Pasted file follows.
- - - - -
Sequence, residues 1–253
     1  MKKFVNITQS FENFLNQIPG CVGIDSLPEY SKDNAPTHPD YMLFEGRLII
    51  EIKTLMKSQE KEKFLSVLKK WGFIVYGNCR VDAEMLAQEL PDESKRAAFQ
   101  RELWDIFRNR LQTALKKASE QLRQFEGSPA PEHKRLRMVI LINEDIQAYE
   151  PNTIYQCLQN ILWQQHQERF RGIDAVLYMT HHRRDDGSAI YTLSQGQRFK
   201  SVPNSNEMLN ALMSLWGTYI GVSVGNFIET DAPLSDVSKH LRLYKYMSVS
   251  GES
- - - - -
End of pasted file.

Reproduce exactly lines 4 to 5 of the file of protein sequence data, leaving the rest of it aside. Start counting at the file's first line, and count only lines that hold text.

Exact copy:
   101  RELWDIFRNR LQTALKKASE QLRQFEGSPA PEHKRLRMVI LINEDIQAYE
   151  PNTIYQCLQN ILWQQHQERF RGIDAVLYMT HHRRDDGSAI YTLSQGQRFK